Despite the voluble testimony of pundits and bar companions, the world of work is not one of Uber drivers and temp workers. In fact, the share of US employment accounted for by contingent and “alternative” arrangements is lower now than it was in 2005 and 1995.
That testimony is derived from several original sources. For example, a much-ballyhooed 2014 study commissioned by the Freelancers Union — which is not a materially disinterested party — reported that a third of workers are freelancers. The claim of a 2016 paper by Lawrence Katz and Alan Krueger that “all of the net employment growth in the US economy from 2005 to 2015 appears to have occurred in alternative work arrangements” was widely quoted and quickly became folk wisdom. That paper was based on an online survey conducted by the RAND Corporation. The survey was small — fewer than 4,000 respondents — and its sample wasn’t very representative of the overall population, a flaw the authors corrected through vigorous statistical handiwork.
Data released yesterday morning by the Bureau of Labor Statistics should put an end to this chatter. According to a special edition of their Current Population Survey, a monthly poll of 60,000 households conducted jointly with the Census Bureau, just 3.8% of workers were classed as contingent in May 2017, meaning they don’t expect their job to last a year. That’s down from 4.1% in 2005 and 4.9% in 1995. (Reports from the years before 2017 are here.) Tighter definitions show smaller shares, but also down from earlier years. In 2017, 96.2% of workers were non-contingent, compared with 95.1% twenty-two years earlier.
The share of workers in “alternative” arrangements was 10.1%. Of those, 6.9% were independent contractors, 1.7% were on-call, and 1.5% were employed by either temp or contract firms. That means that 89.9% of the workforce has a “traditional” job, down 0.2 points from 1995.
There’s less of a racial pattern to contingency than one might guess: 3.7% of white workers don’t expect their jobs to last, compared to 4.0% of black workers, 4.9% of Asian, and 5.1% of “Hispanic/Latino.” All these shares are down from 1995. Nor is there a vast gender disparity: 3.9% of women vs 3.8% of men are contingent.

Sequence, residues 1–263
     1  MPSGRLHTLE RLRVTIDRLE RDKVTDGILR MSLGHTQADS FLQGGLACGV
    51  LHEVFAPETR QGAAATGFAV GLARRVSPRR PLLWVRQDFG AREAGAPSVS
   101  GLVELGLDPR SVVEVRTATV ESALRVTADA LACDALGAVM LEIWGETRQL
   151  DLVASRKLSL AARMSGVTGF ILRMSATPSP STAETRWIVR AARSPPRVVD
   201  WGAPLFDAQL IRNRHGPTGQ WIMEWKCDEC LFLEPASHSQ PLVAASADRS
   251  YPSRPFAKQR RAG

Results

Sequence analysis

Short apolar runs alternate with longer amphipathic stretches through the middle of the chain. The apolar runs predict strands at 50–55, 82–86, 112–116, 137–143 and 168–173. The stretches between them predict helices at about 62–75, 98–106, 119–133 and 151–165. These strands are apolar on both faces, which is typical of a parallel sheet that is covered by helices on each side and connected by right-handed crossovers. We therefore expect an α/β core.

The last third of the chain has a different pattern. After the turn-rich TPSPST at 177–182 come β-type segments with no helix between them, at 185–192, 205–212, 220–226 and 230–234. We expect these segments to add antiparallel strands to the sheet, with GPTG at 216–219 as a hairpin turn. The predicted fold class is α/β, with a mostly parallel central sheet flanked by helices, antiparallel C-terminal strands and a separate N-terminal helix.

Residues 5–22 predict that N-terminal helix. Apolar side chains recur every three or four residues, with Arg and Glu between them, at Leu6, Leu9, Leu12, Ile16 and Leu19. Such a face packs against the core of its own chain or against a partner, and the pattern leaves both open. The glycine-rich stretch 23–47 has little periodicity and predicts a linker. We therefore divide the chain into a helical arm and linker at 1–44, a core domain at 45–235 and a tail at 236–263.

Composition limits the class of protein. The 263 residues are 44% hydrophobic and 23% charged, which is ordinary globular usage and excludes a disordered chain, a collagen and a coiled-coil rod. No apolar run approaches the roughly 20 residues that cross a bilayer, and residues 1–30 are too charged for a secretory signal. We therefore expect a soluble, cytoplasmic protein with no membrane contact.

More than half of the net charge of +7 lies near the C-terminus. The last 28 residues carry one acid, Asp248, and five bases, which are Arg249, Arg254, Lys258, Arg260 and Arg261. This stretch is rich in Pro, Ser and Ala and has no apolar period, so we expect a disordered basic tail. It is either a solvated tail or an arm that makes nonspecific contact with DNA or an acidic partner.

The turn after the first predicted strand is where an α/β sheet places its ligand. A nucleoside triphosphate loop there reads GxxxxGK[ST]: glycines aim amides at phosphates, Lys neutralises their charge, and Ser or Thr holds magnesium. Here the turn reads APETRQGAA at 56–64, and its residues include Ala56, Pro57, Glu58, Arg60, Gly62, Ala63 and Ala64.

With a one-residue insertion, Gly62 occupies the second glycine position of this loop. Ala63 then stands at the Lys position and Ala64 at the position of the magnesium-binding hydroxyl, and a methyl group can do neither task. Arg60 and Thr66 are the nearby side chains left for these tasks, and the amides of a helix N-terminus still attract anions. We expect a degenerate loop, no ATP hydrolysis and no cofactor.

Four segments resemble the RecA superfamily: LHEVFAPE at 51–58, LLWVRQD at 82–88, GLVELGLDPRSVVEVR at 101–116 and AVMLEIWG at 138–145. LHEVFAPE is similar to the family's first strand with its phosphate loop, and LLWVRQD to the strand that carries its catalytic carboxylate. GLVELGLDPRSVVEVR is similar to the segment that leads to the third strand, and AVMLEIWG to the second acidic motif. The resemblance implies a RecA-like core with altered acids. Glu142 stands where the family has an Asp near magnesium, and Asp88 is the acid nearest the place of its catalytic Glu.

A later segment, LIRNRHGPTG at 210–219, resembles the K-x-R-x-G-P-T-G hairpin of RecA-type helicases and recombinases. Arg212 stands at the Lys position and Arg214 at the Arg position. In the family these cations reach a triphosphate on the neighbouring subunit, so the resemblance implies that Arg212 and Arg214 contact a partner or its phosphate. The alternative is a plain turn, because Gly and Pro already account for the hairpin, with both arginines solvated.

Same with age: workers under the age of 25 are less likely to be contingent than they were 22 years ago. Here’s the detail by demographic group.
The share for workers in the 20–25 age group declined more than the average — especially women. The only groups to see an increase in share were teenage males and, barely, women aged 55–64.
Not all independent contractors are freelancers hanging on by a thread: 39% are in managerial or professional occupations, slightly less than their share of the overall workforce. These would include self-employed doctors or consultants. Reflecting that, independent contractors are more likely to be white and male than nonwhite non-men. Other forms of alternative arrangements show surprisingly little variation by race and gender; nonwhites are more likely to be temp workers, but there’s no gender gap at all. Almost all demographic groups show little change from 1995, and most of those changes are downward.
Of course, not all contingent workers are consultants or contract programmers. Full-time contingent workers earn 77% as much as non-contingent workers; contingent part-timers earn 89% as much as non-contingent part-timers. Almost three-quarters — 73% — have some kind of employer-provided health insurance, compared to 84% of non-contingents. All in all, 55% of contingent workers would like a traditional job.
“Alternative” workers are better off. Full-time independent contractors make 96% as much as non-contingent full-timers; contract workers (heavily used in tech) make 22% more. Temp workers — 0.9% of the workforce — are much worse off, however, making 41% less than the traditionally employed. About three-quarters of independent contractors have employer-provided health insurance, but only two-thirds of temp workers do.
None of this is to argue that the world of work is a delight, or that young workers — or any workers except the professional/managerial elite — have a great thing going. But we should be clear about what the problems are. Precarity isn’t the major problem in the American labor market. It’s that wages are stagnant or worse, benefits are eroding, and much labor is dull, alienating, pointless, and sometimes dangerous. Many people with normal, full-time jobs have a hard time making ends meet, and most households have little or no savings to fall back on in a crisis. Emphasizing precarity only makes workers feel even more powerless than they are.